Noel Field: Stalin’s Last American Spy

A quarter century after the dissolution of the Soviet Union, the intellectual guns of the Cold War have finally silenced.  Journalists and historians are free to recount tales of Soviet espionage, safe from the salvos of the right and the left.


In True Believer:  Stalin’s Last American Spy (Simon and Schuster), Kati Marton has done an excellent job in telling the sad story of Noel Field, a American State Department officer, international relief worker, and intelligence operative for both the Soviet Union and the United States.  I commend Marton for her crisp, clear and direct writing.

Field was a man on the margins.  The son of an American scientist, Field grew up in Switzerland, where he met his soul mate and wife, Herta, the daughter of a German Civil Servant.


Herta and Noel Field

Early on, Field was a pacifist–but a pacifist willing to support “the Revolution”  (the Soviet kind).  After graduating from Harvard, Field joined the State Department.  During this time, he and his friend Alger Hiss were recruited into separate branches of Soviet intelligence.

Conflicted between loyalty to his job in the State Department and his commitment to the Soviet Union, Field changed careers, signing on as an international relief executive in Spain during the Civil War, and afterwards in France and Switzerland.

While helping Communist refugees and supplying information to Soviet intelligence, Field was a source for the U.S. Office of Strategic Services in Switzerland.  In essence he helped two allies—the United States and the Soviet Union—before they became enemies.

After the end of World War II, America was hit with the Red Scare.  Having lost his job with a Unitarian relief agency over his leftist ties, and fearing persecution in the United States, Field traveled to Czechoslovakia to begin a new life as a journalist.

He was abducted to Hungary, where he became a central figure in the show trials which purged Hungary of supposedly anti-Stalinist elements.  Field’s coerced but false testimony led to the imprisonment and execution of dedicated Communists.  Field and his wife were tortured and imprisoned.

After being released from prison, the Hungarian authorities rehabilitated Noel and Herta Field.  They were given luxurious housing.  Noel was given a high paying job with a publishing house.

Even after the failure of Communism was acknowledged through out Hungary, Field went to his death in 1970, unrepentant for his views.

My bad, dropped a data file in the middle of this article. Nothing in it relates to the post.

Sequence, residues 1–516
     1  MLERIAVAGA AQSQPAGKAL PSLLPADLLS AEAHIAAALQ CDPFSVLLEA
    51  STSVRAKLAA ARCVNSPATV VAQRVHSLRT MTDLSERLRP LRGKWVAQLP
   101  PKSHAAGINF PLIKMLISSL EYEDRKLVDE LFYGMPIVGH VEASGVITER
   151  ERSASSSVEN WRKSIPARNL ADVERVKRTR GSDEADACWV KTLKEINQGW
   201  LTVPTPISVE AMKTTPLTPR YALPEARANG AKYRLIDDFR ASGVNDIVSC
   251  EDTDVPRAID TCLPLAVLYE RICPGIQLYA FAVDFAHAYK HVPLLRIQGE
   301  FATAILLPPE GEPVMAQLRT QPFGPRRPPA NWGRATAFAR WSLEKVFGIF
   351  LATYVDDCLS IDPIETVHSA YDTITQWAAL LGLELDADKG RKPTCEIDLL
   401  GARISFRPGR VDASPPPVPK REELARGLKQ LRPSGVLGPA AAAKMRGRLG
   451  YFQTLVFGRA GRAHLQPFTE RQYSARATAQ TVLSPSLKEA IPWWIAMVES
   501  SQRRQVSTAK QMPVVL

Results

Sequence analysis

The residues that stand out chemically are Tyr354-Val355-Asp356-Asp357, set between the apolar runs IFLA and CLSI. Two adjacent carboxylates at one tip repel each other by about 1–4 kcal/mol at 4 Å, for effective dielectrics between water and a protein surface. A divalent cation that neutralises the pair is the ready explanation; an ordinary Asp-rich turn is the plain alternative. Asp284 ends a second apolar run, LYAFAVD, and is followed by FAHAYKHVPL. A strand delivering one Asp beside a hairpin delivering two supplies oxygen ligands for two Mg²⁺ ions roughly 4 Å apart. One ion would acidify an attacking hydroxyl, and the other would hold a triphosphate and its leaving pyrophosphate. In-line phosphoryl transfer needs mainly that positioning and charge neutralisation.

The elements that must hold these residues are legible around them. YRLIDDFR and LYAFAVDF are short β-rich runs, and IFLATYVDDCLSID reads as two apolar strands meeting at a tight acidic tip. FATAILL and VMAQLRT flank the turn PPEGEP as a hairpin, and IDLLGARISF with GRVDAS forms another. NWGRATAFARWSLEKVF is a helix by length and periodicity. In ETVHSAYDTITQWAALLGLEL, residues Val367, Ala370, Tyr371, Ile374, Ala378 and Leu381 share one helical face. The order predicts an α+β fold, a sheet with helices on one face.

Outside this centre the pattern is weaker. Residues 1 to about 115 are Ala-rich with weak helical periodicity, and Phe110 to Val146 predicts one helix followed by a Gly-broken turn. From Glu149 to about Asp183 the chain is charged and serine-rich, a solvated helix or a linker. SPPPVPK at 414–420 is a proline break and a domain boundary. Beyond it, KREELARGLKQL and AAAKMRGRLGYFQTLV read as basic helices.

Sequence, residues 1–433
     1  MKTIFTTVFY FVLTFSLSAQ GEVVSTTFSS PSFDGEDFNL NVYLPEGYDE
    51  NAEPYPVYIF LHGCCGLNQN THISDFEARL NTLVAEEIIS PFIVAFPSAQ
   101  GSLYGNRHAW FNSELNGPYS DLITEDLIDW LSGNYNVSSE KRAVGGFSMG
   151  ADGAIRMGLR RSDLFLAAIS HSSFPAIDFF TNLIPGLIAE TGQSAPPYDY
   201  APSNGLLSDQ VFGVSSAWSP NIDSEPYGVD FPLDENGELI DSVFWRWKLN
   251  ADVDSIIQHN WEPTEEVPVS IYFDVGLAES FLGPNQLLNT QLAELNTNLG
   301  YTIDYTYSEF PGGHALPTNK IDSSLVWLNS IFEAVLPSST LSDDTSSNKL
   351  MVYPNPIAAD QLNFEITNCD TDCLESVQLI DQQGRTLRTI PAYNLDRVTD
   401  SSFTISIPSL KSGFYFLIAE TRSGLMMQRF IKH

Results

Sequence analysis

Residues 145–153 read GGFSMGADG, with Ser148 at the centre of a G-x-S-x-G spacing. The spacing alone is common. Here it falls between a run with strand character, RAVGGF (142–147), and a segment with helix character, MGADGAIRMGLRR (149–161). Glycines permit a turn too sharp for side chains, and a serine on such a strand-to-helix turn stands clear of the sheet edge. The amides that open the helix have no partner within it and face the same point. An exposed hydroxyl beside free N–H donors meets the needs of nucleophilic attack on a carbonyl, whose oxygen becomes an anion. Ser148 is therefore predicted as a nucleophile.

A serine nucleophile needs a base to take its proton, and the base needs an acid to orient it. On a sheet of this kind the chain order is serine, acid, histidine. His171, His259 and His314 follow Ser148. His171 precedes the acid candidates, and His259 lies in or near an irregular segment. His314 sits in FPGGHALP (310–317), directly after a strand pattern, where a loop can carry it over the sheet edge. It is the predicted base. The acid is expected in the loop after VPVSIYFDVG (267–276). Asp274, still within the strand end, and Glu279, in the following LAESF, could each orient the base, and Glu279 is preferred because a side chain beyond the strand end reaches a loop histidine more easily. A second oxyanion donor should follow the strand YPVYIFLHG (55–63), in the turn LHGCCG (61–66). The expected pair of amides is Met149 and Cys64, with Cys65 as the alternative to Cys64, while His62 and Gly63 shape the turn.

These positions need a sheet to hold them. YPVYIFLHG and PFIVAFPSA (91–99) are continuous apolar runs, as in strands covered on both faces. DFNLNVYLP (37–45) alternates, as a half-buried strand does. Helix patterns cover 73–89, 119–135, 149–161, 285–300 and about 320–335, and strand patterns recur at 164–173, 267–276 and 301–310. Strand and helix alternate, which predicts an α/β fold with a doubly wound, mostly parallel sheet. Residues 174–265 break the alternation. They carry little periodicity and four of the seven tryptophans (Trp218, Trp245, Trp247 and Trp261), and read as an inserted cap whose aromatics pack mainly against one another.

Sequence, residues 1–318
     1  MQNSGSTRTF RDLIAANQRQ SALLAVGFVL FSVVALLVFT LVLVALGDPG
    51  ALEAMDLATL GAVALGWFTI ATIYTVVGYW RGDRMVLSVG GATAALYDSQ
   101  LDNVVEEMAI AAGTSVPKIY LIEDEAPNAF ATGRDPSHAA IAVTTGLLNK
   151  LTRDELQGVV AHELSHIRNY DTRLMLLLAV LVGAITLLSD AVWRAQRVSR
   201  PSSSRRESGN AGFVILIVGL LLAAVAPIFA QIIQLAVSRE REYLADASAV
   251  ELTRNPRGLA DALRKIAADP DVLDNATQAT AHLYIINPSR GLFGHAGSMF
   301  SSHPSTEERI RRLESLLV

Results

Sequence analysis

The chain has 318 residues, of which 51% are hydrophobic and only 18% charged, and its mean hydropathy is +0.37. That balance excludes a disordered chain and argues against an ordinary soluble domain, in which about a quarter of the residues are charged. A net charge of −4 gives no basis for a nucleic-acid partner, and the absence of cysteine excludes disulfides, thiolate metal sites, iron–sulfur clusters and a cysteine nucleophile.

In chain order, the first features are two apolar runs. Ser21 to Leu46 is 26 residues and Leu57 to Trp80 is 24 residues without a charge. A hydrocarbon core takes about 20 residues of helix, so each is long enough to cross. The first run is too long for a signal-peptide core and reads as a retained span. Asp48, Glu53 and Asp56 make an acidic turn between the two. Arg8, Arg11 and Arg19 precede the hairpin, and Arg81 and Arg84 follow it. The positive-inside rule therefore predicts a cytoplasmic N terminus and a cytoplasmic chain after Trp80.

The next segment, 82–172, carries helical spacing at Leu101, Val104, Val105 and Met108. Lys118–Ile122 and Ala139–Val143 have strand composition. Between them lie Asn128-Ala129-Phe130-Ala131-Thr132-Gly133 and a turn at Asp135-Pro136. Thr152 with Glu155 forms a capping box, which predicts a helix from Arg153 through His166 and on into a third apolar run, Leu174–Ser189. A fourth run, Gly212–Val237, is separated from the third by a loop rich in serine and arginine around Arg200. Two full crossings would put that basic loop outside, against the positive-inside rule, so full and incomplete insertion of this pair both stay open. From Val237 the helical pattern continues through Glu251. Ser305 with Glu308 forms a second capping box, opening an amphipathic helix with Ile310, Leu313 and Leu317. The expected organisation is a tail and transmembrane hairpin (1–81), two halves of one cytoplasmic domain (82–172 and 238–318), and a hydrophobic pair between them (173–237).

The worst side of Field’s life, was the ideological abuse of his foster daughter, Erika.  As a result of the Spanish Civil War, Erika Glaser, then a teenager, had been separated from her German exile parents.  Noel and Herta cared for her as a daughter.  Erika already was a leftist, but the Fields pushed their rigid politics on her.

After World War II, Erika ceased her leftist activities, married an American soldier, and had children.


After Noel and Herta disappeared behind the Iron Curtain, Erika went looking for them. She crossed into East Berlin.  Suspect because of her ties to Noel Field, Erika was jailed in the German Democratic Republic.  After her release, American consular officials denied her entry into the United States because of her former Communist affiliations.

Ironically, it was an official with the House Committee on UnAmerican Activities, who persuaded the State Department that Erika, having spent time in Communist prison, was safe to admit to the United States and join her husband and children.


Kati Marton

A superb book from Kati Marton.



The Defender. When newspapers could shake the world.

The Defender (Houghton Mifflin Harcourt) by Ethan Michaeli tells the heroic role dead tree newspapers used to play in America.


Founded in 1905, The Defender started as a weekly edited on a kitchen table. It grew into one of the nation’s biggest and most politically influential Black newspapers. Though focused on Chicago, The Defender developed a national readership.   Pullman sleeping car porters smuggled The Defender into the segregated South.   Volunteer correspondents all over the nation sent stories to be published in The Defender.

Even in the days of segregation, the publisher of the Defender could command audiences with the President of the United States.

This book is especially helpful in understanding Black politics and Black protest movements. I doubt that most of the white public is aware of the brutality of segregation—the lynchings and riots down South and the violence when Blacks moved into white neighborhoods up North. Michaeli describes discrimination in housing, jobs and the military.

The book reveals the radicalism of Martin Luther King when he campaigned in Chicago in 1966 for economic and social restructuring. No longer presenting the moral arguments he advanced during earlier the demonstrations in the South, King pressed for power within the highest levels of Chicago government. He led the drive for integration of white working class neighborhoods.


Ethan Michaeli

Michaeli, who is white, worked for The Defender in the 1990’s. The staff was always integrated, employing white reporters, editors and printers, to the displeasure of some elements in the Black community. Even at the height of the Black power movement, The Defender stood firm for integration.

In its glory days, The Defender was a daily. With the coming of integration, its leading journalists migrated to the mainstream media. As with other dead tree newspapers, competition from the electronic media and changes in lifestyles caused the once mighty Defender to decline. Today it is published weekly.

I doubt any website, blog or Twitter feed could hearten, unify and mobilize a national constituency as The Defender did in the last century.